Lakers Notes: Randle, Bryant, Roster

The Lakers have already suffered some significant blows to their roster with both Steve Nash and Julius Randle being lost for the season with injuries. Even if the franchise is approved for Disabled Player Exceptions, they will still have two of their maximum 15 roster spots occupied by injured personnel. If Los Angeles loses another player to injury the team could apply for a temporary hardship increase that would allow the franchise to carry up to 16 players, Eric Pincus of Basketball Insiders notes (Twitter links). This scenario could help the team maintain its depth in the wake of another player loss, but once one of the injured players was able to return to action, the 15 player max would resume, Pincus notes.

Here’s more from Los Angeles:

  • The only bright side to the Lakers losing Randle for the season is that the team will be in contention for a top-five lottery pick next summer, J.A. Adande of ESPN.com opines. Los Angeles’ 2015 first-rounder is owed to the Suns but is protected for picks one-through-five, notes Adande.
  • The Lakers should take a page out of the Sixers’ playbook and try to hit bottom this season, Chad Ford of ESPN.com (Insider subscription required) writes. This includes trying to convince Kobe Bryant to waive his no trade clause and dealing the future Hall-of Famer, Ford opines. Ford lists the Knicks, Nets, Mavs, and Hornets as teams that would potentially be interested in obtaining Bryant.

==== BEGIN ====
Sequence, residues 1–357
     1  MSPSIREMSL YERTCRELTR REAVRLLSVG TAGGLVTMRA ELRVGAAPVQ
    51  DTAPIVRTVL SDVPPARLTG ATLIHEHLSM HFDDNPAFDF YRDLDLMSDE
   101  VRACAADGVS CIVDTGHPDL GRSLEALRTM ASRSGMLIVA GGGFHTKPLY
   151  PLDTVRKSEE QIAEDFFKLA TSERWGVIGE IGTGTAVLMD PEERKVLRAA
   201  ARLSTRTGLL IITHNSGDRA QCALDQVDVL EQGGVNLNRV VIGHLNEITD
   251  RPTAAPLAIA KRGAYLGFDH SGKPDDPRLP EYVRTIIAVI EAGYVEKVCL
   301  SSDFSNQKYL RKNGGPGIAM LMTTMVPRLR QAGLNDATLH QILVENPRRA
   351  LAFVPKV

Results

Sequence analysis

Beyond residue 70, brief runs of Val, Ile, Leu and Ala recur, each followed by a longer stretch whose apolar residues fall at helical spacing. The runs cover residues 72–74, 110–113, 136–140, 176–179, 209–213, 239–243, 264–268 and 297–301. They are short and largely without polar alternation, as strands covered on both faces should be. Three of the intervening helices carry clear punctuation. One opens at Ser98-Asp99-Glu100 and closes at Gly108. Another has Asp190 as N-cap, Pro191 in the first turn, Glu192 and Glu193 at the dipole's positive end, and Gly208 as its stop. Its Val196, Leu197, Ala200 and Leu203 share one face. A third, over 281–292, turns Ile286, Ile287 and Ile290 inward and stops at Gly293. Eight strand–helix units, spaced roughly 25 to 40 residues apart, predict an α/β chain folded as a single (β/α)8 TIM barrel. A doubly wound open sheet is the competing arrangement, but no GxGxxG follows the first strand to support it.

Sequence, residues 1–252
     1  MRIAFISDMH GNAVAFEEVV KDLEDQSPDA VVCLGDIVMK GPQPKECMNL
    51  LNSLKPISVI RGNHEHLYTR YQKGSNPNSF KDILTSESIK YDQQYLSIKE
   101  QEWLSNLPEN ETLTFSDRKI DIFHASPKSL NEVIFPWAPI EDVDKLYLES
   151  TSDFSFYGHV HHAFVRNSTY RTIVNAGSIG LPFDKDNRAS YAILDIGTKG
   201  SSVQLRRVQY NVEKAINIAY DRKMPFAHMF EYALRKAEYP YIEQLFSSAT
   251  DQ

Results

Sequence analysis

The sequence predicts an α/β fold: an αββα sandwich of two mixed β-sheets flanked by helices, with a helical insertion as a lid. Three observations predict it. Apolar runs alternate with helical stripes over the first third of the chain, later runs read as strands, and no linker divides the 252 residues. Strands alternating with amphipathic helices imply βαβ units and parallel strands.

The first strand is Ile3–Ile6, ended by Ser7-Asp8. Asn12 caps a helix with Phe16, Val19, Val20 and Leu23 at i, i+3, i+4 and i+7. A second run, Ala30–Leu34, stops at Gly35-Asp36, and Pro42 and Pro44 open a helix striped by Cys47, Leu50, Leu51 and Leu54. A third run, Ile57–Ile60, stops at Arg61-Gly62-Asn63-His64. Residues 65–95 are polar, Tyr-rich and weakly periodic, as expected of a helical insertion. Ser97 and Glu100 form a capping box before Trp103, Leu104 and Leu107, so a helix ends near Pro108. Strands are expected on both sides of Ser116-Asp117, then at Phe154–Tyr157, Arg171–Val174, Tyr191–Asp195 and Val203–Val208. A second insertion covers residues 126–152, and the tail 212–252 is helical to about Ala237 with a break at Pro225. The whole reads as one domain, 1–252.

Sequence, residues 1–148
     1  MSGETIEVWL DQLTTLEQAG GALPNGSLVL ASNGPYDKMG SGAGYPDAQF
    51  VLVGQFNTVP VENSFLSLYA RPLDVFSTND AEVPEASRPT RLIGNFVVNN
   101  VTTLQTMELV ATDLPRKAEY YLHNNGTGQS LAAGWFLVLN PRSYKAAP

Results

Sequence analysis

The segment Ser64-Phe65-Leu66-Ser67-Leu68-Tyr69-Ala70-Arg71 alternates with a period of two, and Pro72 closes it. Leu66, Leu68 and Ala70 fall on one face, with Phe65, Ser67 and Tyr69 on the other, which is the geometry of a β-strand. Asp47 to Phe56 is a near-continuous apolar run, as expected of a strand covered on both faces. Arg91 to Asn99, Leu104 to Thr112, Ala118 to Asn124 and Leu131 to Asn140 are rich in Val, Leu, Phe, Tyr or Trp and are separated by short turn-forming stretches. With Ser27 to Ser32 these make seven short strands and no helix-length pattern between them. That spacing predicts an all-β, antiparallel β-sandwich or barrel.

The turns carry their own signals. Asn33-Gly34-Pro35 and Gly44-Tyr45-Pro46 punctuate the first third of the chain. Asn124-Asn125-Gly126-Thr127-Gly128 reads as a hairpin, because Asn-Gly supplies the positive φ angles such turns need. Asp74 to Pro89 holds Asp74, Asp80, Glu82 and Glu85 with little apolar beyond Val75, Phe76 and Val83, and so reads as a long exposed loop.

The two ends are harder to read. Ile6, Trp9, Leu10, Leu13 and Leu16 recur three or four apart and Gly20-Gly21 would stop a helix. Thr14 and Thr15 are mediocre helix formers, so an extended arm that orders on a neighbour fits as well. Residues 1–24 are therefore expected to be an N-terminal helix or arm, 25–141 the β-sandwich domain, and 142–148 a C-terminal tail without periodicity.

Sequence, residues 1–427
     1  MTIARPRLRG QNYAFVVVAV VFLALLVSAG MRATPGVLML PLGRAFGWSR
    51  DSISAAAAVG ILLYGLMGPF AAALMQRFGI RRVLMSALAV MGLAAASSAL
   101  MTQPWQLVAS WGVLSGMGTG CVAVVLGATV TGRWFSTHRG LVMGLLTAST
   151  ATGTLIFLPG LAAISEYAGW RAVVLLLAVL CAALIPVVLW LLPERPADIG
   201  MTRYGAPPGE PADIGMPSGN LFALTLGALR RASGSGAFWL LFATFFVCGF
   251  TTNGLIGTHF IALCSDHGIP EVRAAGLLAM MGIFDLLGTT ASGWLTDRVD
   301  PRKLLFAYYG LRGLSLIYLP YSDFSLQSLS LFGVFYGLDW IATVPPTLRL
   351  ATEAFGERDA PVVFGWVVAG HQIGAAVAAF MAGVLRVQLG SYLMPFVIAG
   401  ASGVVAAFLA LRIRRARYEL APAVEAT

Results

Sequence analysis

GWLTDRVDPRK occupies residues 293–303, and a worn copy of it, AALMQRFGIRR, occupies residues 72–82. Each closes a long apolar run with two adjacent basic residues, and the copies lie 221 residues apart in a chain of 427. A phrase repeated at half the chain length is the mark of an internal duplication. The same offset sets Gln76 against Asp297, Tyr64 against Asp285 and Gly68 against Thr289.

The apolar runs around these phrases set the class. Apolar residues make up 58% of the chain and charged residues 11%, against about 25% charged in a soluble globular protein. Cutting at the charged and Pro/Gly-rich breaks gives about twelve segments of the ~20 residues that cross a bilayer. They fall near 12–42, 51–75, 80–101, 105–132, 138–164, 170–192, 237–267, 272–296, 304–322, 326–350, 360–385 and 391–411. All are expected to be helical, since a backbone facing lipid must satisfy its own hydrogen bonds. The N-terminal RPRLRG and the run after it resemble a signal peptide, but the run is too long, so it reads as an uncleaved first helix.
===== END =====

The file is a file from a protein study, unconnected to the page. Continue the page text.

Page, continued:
• The loss of Randle will hurt the Lakers much more than losing Nash, Yannis Koutroupis of Basketball Insiders opines. Los Angeles wasn’t expecting much from Nash, and had Jeremy Lin and Ronnie Price on board to make up for any time that Nash would have missed. With Randle, this season was important for his development, and the team was planning to run a large portion of their offense through him, Koutroupis notes.
  • The Lakers and Bryant have faced criticism for the two year, $48.5MM contract extension he signed back in 2013. Hornets owner and former NBA great Michael Jordan defended Bryant for inking the pact, DeAntae Prince of The Sporting News writes. “Can I criticize him for maximizing his opportunity from a financial standpoint? No,” Jordan said. “Does his decision have an effect on how the team will structure certain things? Maybe.”

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